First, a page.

The Italian word for ADAM SANDLER is CHECCO ZALONE:
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There are some terms you will never find in the dictionary. Nor would you ever look for them in the dictionary. Because they haven't been translated. And they don't need to be translated. And actually, they can't be translated. Probably no attempt should be made to translate such terms, because such an attempt would be a massive waste of everyone's time. But anyway, here they are:
The Italian word for ADAM SANDLER is CHECCO ZALONE:
With such similar lyrical and musical tastes, they should definitely start a band, but how could they ever decide who was the better lead singer? And who had better moves? And a hotter girlfriend? Well, let's let them sort it out...
Italians tend to be more direct than Americans. It was difficult to find a single conversation that was able to completely capture the full range of consequences this directness implies. But finally, I settled on this exchange between myself and a colleague:
Self: Hey, do you like our new light?
Thanks to globalisation, knowledge about health and hygiene has been successfully disseminated through much of the developed world. We all pretty much know the same things about germs, covering our mouth when we cough, hand washing and other important hygienic practices.
For example, as all American women know, the washing of your nether region is an extremely delicate matter, and can absolutely only be done with specialised detergents developed only for women and calibrated to a pH of precisely 5.5. Everyone knows that, right? Right?
Did you feel that the English were more or less behaving reasonably (give or take their attack strategy), while the French were ridiculous? In that case, you are American.
Did you feel that the French were more or less the reasonable ones, while the English were ridiculous? In that case, you are Italian.
Glad I could clear that up for you.
Americans, if an Italian appears to be warming up to ask you a question concerning English grammar, change the subject IMMEDIATELY. You are about to enter a world of pain from which the mercifully horrendous American school system has heretofore shielded you. Ablatives, subjunctives, participles, and various other forms and tenses of language of which you have, until now, been blissfully unaware.
You can often predict the onset of a grammatical conversation because an Italian will generally begin by complaining about the irrational pronunciation of "though" and "cough." However, if you are caught off guard, quickly deflect onto a perennially acceptable topic such as food or transportation strikes. If you were to proceed with such a discussion, and I were you, I should shortly wish it had never begun. Oy.
In general, Italians consider themselves entitled to say offensive things out loud, while in America you can say offensive things out loud only as long as you don't mind people mentally placing you in the same circle of hell with Hitler. On the other hand, Americans generally consider themselves entitled to take silent, active steps against offensive persons, while Italians generally consider this to be unfair.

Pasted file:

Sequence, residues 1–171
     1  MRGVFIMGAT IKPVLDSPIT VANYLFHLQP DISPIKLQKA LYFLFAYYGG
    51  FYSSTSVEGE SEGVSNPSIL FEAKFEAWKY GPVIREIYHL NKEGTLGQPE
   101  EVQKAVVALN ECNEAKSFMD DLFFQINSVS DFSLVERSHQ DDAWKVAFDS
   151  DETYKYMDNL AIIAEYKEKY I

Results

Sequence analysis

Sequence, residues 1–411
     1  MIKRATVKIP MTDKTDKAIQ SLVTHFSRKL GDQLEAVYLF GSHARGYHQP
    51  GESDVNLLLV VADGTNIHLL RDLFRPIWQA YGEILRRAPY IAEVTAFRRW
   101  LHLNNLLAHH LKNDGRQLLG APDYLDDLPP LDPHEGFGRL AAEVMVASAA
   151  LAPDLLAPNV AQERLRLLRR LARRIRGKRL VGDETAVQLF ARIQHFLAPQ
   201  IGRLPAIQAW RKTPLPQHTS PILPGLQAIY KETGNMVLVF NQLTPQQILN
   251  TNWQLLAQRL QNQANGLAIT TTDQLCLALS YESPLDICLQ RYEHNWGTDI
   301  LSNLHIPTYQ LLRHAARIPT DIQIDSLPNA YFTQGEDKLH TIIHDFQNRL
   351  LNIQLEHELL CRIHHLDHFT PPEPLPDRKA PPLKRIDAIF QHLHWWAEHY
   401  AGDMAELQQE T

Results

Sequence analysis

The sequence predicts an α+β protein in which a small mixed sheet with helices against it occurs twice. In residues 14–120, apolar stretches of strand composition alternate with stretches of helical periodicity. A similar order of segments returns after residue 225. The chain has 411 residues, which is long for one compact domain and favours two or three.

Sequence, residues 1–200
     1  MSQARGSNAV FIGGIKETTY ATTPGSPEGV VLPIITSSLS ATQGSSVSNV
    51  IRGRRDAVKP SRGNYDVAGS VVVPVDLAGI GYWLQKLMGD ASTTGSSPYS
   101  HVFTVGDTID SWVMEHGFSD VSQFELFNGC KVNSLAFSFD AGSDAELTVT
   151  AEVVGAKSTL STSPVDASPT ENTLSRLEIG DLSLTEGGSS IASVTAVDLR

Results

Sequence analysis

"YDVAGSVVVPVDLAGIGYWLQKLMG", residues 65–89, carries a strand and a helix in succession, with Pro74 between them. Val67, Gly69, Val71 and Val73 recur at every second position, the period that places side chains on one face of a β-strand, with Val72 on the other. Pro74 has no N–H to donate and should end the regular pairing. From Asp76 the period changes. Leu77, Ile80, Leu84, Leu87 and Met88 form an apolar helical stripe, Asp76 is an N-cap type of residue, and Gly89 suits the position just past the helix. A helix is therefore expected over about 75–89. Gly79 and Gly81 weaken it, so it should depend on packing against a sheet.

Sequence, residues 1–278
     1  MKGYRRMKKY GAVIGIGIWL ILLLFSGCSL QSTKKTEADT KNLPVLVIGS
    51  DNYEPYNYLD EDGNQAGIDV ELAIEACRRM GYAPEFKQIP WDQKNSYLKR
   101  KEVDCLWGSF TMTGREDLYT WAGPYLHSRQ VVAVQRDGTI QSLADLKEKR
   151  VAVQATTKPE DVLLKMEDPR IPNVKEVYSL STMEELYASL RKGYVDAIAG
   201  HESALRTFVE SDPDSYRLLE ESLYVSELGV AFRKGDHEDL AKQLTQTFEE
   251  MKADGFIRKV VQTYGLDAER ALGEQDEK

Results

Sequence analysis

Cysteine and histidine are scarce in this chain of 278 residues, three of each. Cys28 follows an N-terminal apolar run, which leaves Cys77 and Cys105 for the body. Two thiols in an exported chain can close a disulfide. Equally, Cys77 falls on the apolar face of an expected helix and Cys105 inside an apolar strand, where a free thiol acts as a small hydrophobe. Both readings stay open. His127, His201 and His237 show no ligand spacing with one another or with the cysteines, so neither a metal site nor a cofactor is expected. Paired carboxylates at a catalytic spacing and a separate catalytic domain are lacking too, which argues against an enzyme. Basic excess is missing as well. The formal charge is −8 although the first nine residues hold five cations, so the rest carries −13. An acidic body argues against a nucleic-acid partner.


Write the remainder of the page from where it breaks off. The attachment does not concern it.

Consider the following conversation with a geriatric neighbour:
Self: I'm so happy they finally put these new benches in the park.
Geriatric Neighbour: Yes, well, it's only a matter of time until horrible, dirty, homeless people come set up camp on them.
S: You know, in the States all the new benches have uncomfortable dividers to keep people from lying down on them. And in England they even put spikes to keep homeless people away.
GN: How awful! The homeless people like to sleep outside when it's warm out, but the ground is all wet! No, no, no, better this way...
Italians will never, ever understand American race category names. In a million years, this will still be an area of WTF.
In American there is a crisis of education, putting the nation at risk of disparate access to higher education and high-paying jobs across racial and class lines.
In Italy, the schools are outstanding. They are likely to remain this way until any Italian employer that is not a school begins paying its employees. Moreover, there can never, ever be a true crisis in Italian education because if there were, no one would be able to understand the tax code.
Probably the most Italian thing that has ever happened to me (and possibly the most Italian thing that CAN happen, scientifically speaking) happened on my birthday last year.
It was after a day of either moving into our apartment or touring around, I can't remember which, but in any case we were a sweaty, irritable mess, and that includes the baby. My husband decided to take me out to dinner notwithstanding this, at a place he had heard was good in a one-horse town: eight houses, a church, and this restaurant.
To our surprise, the place was professional in the extreme. Gloved waiters. Gloved busboys. Silver crumb-removers. Polite disregard for my t-shirt. "May I remove your dish, madame" (except in Italian). The works. And the chef was outstanding.
At the end of the night, my husband ordered an amaro (if I say "digestive," I'm not sure I am making myself any more understandable - at any rate, an after-dinner drink). The busboy brought us one they made themselves - liquorice-based, in an unlabelled black bottle encased in a block of ice. Impressed with the flavour, my husband initiated the following dialogue:
Husband: "Who makes the amari?"
Busboy: "We do."
H: "Ok, but who does it, actually?"
B: "Not I, certainly."
H: "Ok...so not you, but then who? The chef?"
Here there was a brief pause. Then the busboy pointed a gloved hand at the ceiling, implying an apartment directly above, and said:
I'm an American living in Italy and making gross generalizations about it.